Because it is still fairly new when compared with other states, Nevada's demography and history have changed quite a bit since it was first introduced to the rest of the nation. For instance, wagon riding and cattle drives re-enactments can be seen at historical sites all over the state. The Great Dust Bowl made a huge impact on Nevada's demographics, resulting in a massive influx of settlers who had come from the Midwest. These newcomers brought with them much of their culture, including firearms, which led to a very violent and deadly winters in the state.
Demographics and history have also impacted how the state has chosen to structure itself politically. Nevada's lines were redrawn in a very dramatic way. The legislature drew the lines so that each district would have two members. This meant that the state was divided into regions, with each having at least one representative (see Senate Districts below). In addition to having two members per district, Nevada has two unique districts: Washoe and Carson City. Washoe is home to Nevada's largest city, Las Vegas.
Like other Western states, Nevada's populations tend to skew younger and healthier. This is especially true of residents in urban and college towns. In urban areas, there is less health insurance coverage for residents, which can lead to higher premiums. College towns, which are predominantly minority, are especially prone to this problem, because many students have co-workers who refuse medical insurance or don't carry it when they go out of town for work.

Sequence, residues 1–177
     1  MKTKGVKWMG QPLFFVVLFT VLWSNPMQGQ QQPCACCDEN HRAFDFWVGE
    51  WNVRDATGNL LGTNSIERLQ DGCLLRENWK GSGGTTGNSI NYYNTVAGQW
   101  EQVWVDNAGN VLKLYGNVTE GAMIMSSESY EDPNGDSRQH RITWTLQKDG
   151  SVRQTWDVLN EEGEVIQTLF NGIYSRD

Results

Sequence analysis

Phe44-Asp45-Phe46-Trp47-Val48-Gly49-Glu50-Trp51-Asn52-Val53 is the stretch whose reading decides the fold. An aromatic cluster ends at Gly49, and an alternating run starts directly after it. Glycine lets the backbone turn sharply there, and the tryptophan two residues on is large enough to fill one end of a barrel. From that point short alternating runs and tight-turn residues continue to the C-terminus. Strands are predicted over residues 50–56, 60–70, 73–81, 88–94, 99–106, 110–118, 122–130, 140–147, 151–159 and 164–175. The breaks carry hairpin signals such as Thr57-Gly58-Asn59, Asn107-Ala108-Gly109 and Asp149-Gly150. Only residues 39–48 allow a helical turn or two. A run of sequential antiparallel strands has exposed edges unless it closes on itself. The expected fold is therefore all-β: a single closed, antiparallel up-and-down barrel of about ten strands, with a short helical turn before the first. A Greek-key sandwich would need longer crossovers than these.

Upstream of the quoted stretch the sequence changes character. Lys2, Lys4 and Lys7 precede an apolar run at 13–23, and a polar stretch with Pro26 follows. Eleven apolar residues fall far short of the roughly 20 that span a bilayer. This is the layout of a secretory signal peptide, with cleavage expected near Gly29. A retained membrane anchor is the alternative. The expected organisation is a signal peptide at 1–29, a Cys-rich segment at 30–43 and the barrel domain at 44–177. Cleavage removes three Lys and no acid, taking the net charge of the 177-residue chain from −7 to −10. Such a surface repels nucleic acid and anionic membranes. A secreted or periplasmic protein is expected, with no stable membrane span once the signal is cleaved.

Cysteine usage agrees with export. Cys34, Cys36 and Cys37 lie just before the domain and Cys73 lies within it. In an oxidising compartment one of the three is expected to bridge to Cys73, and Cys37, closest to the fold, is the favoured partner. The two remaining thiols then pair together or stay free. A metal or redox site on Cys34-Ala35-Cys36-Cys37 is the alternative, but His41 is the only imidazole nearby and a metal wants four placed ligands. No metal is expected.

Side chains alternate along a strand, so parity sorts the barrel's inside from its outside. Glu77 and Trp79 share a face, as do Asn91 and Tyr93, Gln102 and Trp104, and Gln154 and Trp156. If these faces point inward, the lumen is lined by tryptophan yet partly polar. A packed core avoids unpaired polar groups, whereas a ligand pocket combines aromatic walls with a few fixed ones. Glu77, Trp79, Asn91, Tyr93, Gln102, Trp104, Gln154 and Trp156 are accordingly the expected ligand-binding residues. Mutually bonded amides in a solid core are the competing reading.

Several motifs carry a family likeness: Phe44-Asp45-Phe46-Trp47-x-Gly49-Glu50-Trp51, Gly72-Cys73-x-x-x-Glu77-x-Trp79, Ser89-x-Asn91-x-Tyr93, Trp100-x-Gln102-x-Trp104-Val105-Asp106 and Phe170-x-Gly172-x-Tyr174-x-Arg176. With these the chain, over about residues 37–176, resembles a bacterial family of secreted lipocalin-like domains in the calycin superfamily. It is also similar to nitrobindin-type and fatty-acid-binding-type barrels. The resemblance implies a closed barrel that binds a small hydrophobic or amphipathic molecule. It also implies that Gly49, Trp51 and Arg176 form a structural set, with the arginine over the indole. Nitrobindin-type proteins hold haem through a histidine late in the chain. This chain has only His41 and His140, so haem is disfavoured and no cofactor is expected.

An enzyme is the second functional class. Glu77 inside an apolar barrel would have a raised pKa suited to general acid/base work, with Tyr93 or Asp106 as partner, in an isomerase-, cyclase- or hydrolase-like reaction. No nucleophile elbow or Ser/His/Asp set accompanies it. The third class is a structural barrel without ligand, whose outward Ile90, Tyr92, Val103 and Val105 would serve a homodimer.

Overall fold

As the state continues to grow, its residents will be more likely to be citizens of another country than of Nevada. This is due to migration and natural increase. It's also due to high fertility rates, especially in Nevada's central area and Southern Washoe. As the baby boomers begin to age and their children reach the age of majority, Nevada's population will grow significantly, but most people will be native Americans rather than foreigners. If you're looking for a very diverse environment and an excellent quality of life, Nevada could be a great choice for you.
One thing that's clear is that no matter the demography of Nevada, the growth rate is expected to continue to increase dramatically through the next few years. The Nevada Department of Public Health projects that the state's growth rate will be between five and ten percent, but some predict even faster growth. Whatever the numbers, Nevada's population is expected to continue to grow, and its cities will continue to prosper. With a wide range of opportunities for residents and a low cost of living, Nevada should be a great place to live.